Is This Company A Bulls Eye?
Ryan is a member of The Motley Fool Blog Network -- entries represent the personal opinion of the blogger and are not formally edited.
A SWOT analysis is a look at a company’s strengths, weaknesses, opportunities, and threats, and is a tremendous way to gain a detailed and thorough perspective on a company and its future. As the 2012 year draws to a close, I would like to pinpoint on a trailblazer in the discount retail store industry, Target (NYSE: TGT).
- Slow & Steady Revenue Growth: In 2007, Target reported revenue of $59.5 billion; in 2012, the company announced revenue of $69.9 billion, representing year over year annual growth of 3.27%, a trend that is widely anticipated to sustain into the future, with projections placing 2017 revenue at $91.0 billion; due mostly from an increase in the number of target locations and revenue derived from each location
- Dividend: Currently, Target pays out quarterly dividends of $0.36, which annualized puts the dividend as yielding 2.44%
- Institutional Vote of Confidence: 78.34% of shares outstanding are held by institutional investors, displaying the confidence some of the largest investors in the world have in the company and its future
- Discount Valuation: At the moment Target carries a price to earnings ratio of 13.11, a price to book ratio of 2.49, and a price to sales ratio of 0.55, representing a company trading with a discount valuation
- Cash & Equivalents: Target currently possesses about $1.47 billion of cash and cash equivalents on their balance sheets, a major upside to the business
- Brand Value & Loyalty: The Target brand was valued as the 78th most powerful brand in the world by Forbes, estimated to have a value of $4.4 billion, and this immense brand value combined with the incredible brand loyalty Target enjoys is a major strength of the business; brand loyalty has been boosted by a recent Target credit card campaign which gives customers 5% back on every purchase
- Debt: Currently, Target possesses about $14.5 billion of debt on their balance sheets, a major downside to the business
- Dependence on United States: 89.84% of Target’s overall business is concentrated in the United States, and this dependence on one country, especially the United States which is facing possible recession due to the fiscal cliff, could prove to be a severe weakness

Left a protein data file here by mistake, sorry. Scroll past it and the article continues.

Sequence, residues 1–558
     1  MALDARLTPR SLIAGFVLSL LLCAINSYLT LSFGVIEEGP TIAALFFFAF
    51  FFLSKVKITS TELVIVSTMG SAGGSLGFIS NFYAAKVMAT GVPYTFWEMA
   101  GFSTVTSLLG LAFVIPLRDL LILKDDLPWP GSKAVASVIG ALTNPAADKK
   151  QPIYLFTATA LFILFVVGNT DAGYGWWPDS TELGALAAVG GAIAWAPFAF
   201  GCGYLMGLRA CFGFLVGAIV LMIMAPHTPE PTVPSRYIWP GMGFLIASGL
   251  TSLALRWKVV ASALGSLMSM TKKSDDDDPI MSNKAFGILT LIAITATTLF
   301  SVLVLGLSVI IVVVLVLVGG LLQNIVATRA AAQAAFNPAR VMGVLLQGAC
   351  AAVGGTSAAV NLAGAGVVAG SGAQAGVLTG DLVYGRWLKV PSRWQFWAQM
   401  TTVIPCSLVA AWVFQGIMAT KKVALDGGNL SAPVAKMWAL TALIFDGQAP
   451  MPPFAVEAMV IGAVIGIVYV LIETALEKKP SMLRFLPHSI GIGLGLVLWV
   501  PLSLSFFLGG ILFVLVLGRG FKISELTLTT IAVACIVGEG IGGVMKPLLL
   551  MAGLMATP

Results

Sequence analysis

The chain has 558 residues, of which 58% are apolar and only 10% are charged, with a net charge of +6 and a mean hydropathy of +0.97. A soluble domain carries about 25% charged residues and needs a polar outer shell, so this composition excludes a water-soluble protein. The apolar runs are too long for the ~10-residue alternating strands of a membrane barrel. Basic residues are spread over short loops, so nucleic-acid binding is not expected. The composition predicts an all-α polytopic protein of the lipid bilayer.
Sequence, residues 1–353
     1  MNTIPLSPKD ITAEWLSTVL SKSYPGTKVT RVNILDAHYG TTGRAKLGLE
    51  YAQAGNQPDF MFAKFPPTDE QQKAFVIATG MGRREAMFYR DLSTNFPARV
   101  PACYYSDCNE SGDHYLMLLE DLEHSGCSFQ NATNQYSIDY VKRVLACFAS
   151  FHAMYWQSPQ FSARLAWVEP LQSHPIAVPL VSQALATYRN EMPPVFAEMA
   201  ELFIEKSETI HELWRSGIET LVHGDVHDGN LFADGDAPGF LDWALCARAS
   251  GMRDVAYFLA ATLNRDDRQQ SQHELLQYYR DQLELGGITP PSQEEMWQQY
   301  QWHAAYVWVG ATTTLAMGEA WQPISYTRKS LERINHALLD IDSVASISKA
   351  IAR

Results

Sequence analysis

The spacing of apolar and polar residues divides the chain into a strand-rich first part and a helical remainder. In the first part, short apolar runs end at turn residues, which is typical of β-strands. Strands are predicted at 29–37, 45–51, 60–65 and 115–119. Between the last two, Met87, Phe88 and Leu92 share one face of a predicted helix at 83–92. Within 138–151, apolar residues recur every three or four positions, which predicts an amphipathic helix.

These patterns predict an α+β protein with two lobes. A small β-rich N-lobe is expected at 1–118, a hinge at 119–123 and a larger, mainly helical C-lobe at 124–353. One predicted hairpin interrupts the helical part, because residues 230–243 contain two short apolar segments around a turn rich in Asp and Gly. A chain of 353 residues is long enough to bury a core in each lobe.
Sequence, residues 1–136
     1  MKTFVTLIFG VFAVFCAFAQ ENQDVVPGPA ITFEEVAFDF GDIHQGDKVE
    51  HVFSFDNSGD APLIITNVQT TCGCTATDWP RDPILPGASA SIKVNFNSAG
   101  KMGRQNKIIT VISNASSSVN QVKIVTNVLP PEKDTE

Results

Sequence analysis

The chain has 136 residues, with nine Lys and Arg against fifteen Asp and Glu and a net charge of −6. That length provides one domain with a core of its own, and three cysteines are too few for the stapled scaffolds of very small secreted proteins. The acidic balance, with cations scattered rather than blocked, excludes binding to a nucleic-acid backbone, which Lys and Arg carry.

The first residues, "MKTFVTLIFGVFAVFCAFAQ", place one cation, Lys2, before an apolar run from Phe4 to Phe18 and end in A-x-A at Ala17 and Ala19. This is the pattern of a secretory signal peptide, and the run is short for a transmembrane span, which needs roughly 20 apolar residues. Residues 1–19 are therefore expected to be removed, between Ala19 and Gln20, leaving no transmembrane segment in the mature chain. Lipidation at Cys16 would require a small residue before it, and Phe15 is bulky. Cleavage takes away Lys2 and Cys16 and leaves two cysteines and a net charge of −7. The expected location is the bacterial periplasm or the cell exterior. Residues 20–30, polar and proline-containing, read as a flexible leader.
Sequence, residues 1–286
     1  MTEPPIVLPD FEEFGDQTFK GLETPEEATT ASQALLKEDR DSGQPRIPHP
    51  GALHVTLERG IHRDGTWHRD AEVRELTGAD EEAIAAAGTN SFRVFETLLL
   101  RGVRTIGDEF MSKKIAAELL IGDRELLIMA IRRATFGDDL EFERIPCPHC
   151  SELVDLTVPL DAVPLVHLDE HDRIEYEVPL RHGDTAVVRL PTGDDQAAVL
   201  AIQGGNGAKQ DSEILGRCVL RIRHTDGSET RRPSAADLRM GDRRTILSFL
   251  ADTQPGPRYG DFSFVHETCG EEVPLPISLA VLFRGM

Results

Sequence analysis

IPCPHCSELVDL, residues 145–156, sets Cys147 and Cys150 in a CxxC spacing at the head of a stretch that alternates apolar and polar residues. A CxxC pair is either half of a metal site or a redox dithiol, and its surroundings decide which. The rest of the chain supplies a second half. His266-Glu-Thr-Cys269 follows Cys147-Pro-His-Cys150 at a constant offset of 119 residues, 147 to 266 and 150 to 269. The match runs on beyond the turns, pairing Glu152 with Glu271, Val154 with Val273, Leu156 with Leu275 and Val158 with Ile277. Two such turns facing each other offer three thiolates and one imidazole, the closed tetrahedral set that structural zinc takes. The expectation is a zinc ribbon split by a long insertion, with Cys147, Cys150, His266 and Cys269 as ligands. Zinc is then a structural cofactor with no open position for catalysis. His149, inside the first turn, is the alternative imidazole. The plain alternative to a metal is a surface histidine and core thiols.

- Tight Margins: At the moment Target possesses a net profit margin of 4.19%, which is well below the ideal double digit range and leaves very little room for unexpected expenditures; these tight margins are due to Target's struggles to remain competitive in an extremely competitive market
- Operating Expenses: Over the past 10 years Target’s business has expanded, and when a business grows so do the costs related to operating that business, however over the past 10 years operating expenses have outgrown revenues, an ominous sign
- Dividend Growth: Since implementing their dividend program in 1965, Target has consistently raised their dividend payouts, and this trend is widely anticipated to sustain into the future
- Growth in Store Count: In 2007, Target possessed 1,591 stores in the United States; in 2012, the company possessed 1,763 stores, this trend of growth in store count is highly expected to continue into the future
- International Expansion: Currently, only 6.46% of Target’s total business is comprised from its international segment, but the company plans to open 125 stores in Canada throughout 2013, and international expansion offers a huge opportunity that could fuel major growth
- Acquisitions: For $1.8 billion, Target recently purchased leases for 220 Zeller stores, and this acquisition should put out a mat for Canadian expansion, and further acquisitions could fuel growth into the future
- Competition: The discount store industry is highly competitive, with several other major corporations battling with Target to offer the best product for the least amount of money, and this competition can lead to margin compression
- Rising Input Prices: Target prides itself on its ability to offer discount products, and if input prices were to rise, Target would be faced with the difficult decision of either passing on the extra cost to the customer or swallowing the extra costs in their already tiny margins
Major publically traded competitors of Target include Costco (NASDAQ: COST), Dollar General (NYSE: DG), Wal-Mart (NYSE: WMT), and Family Dollar (NYSE: FDO). All of these companies compete directly against Target and pride themselves on offering discount prices. Costco is valued at $42.44 billion, pays out a dividend yielding 1.13%, and carries a price to earnings ratio of 24.18. Dollar General is valued at $14.12 billion, does not pay out a dividend, and carries a price to earnings ratio of 15.68. Wal-Mart is valued at $227.68 billion, pays out a dividend yielding 2.34%, and carries a price to earnings ratio of 14.01. Finally, Family Dollar is valued at $7.27 billion, pays out a dividend yielding 1.33%, and carries a price to earnings ratio of 17.59.
The Foolish Bottom Line:
Financially, Target only possesses one flaw, its massive debt load. Other than that weakness, the company possesses solid and steady revenue growth, an expanding dividend, and a sizeable pile of cash. The company’s future is filled with opportunities that should fuel growth. All in all, Target is a tremendous investment, especially in this uncertain and volatile economic landscape.
makinmoney2424 has no positions in the stocks mentioned above. The Motley Fool owns shares of Costco Wholesale. Motley Fool newsletter services recommend Costco Wholesale. Try any of our Foolish newsletter services free for 30 days. We Fools may not all hold the same opinions, but we all believe that considering a diverse range of insights makes us better investors. The Motley Fool has a disclosure policy. Is this post wrong? Click here. Think you can do better? Join us and write your own!